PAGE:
Jangebe Abductions: 24-Hour Curfew Imposed As Violence Mar Schoolgirls’ Reunion


A 24-hour curfew has been imposed in a northwestern Nigerian town and its market shut after violence marred the reunion of nearly 300 abducted schoolgirls with their parents, local residents said Thursday.

The girls were abducted on Friday from their hostels by gunmen known locally as bandits but were released early Tuesday after the latest mass kidnapping to target a school in Nigeria.

Violence erupted on Wednesday when the girls from Government Secondary School in Jangebe, Zamfara state were to be returned to their parents at a ceremony in the school’s hall.

They had been in the government’s custody in Gusau, the state capital, receiving medical care.

“After the unrest yesterday a dust-to-dawn curfew was imposed and everybody was ordered to stay indoors,” said Abubakar Zaki, a resident and father of two of the kidnapped girls.

“But this morning after people had come out the DPO (Divisional Police Officer) went round, informing people the curfew has been extended to round-the-clock and asked everyone to return home,” he told AFP.

Abubakar said the police also ordered the closure of the local market and all shops in the village to prevent fresh violence.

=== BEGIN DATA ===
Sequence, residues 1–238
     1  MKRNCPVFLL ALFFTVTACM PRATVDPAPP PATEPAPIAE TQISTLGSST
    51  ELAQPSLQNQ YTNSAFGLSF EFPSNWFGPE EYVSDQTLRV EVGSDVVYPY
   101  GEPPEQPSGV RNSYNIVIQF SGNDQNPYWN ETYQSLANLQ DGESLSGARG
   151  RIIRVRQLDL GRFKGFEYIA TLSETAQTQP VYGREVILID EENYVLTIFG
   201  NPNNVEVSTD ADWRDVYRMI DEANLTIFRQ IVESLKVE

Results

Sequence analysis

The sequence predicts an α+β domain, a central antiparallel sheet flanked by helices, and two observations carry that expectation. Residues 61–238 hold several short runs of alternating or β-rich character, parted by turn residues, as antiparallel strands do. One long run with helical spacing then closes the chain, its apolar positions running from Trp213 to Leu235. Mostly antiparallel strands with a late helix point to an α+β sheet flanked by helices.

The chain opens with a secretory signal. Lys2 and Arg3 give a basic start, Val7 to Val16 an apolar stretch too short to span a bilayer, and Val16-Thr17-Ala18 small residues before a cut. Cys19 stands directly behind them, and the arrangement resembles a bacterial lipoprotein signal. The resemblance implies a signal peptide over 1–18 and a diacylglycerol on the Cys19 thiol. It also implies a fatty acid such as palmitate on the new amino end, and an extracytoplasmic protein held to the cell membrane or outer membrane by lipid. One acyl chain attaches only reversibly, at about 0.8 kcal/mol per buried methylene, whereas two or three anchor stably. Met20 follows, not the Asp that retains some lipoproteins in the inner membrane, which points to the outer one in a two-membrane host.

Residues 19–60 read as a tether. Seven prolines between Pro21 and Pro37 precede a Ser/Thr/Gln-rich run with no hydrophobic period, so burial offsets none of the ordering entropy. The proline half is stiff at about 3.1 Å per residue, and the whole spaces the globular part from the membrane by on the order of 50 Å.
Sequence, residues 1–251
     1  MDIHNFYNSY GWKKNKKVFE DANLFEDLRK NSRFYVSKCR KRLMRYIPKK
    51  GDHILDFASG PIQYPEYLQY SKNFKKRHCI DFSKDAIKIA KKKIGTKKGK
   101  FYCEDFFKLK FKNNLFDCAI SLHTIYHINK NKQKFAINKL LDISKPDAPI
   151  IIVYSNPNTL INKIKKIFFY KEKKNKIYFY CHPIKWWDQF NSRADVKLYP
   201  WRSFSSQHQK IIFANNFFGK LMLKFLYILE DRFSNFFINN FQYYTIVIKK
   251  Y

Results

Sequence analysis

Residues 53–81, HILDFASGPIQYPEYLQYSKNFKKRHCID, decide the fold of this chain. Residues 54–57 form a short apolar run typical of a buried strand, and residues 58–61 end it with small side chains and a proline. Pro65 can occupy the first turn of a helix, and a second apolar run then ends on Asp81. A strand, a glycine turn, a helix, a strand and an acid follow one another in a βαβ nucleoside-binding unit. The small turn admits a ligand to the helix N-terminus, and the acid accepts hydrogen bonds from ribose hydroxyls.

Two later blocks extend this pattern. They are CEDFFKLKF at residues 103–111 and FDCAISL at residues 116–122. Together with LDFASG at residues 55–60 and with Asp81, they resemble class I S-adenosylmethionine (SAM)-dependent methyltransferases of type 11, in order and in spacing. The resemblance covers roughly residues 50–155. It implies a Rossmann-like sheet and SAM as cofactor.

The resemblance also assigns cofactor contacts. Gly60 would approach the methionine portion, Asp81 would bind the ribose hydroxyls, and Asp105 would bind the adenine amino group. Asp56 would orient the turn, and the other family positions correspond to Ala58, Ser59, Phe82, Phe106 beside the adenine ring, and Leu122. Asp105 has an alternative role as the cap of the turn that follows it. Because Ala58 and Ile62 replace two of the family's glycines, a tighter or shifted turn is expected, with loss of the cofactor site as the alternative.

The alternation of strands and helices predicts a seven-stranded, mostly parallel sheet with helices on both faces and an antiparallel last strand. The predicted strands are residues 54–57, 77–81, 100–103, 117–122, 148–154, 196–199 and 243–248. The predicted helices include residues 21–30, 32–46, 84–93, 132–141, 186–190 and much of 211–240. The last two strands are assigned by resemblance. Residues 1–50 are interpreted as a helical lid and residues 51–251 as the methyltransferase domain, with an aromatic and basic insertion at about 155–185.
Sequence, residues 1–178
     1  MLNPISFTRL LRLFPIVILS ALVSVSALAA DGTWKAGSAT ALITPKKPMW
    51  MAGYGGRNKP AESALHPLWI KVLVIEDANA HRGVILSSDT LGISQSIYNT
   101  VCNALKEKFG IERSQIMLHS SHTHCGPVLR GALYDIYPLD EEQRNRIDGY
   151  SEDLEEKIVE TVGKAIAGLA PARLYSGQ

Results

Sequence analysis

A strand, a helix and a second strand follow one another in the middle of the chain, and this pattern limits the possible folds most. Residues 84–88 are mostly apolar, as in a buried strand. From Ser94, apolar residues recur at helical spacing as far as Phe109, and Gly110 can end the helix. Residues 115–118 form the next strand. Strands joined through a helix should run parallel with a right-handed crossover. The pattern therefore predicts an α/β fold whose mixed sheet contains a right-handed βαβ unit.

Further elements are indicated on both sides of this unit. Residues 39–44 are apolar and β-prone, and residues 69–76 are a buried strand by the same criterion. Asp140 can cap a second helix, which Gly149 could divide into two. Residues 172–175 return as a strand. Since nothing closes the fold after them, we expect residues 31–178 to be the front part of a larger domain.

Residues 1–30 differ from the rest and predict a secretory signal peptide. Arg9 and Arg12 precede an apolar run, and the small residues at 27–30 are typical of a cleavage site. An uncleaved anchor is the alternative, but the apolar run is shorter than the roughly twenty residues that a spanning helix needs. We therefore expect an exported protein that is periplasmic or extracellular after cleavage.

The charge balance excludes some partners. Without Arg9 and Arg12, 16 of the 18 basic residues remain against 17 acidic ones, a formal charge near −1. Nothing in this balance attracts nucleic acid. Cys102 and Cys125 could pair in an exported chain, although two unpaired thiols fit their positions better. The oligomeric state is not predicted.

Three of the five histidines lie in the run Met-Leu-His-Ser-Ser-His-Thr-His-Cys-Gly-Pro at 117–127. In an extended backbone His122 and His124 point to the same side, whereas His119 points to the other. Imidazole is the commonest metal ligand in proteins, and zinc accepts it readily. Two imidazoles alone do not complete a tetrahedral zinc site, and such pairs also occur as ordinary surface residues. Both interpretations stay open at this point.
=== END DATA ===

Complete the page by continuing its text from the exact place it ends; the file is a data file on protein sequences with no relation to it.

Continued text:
“We are all inside our homes,” he added.

Muhammad Mustapha, another resident, confirmed the curfew.

Trade Club

“There is a 24-hour curfew in Jangebe as a result of the violence by mobs yesterday,” he said.

“The market and shops are closed and everyone is indoors,” he said.

Mustapha said the situation was now calm.

The girls were brought back to their school on Wednesday to be reunited with their parents before violence broke out.

Angered by officials’ insistence on a formal handover before parents could leave with their children, mobs began throwing stones at officials outside the school.

One person was shot in the stomach when security personnel opened fire and was carried away by others in the crowd, an AFP reporter at the scene said.

Heavily-armed criminal gangs in the northwest and central Nigeria have stepped up attacks in recent years, kidnapping for ransom, raping, and pillaging.


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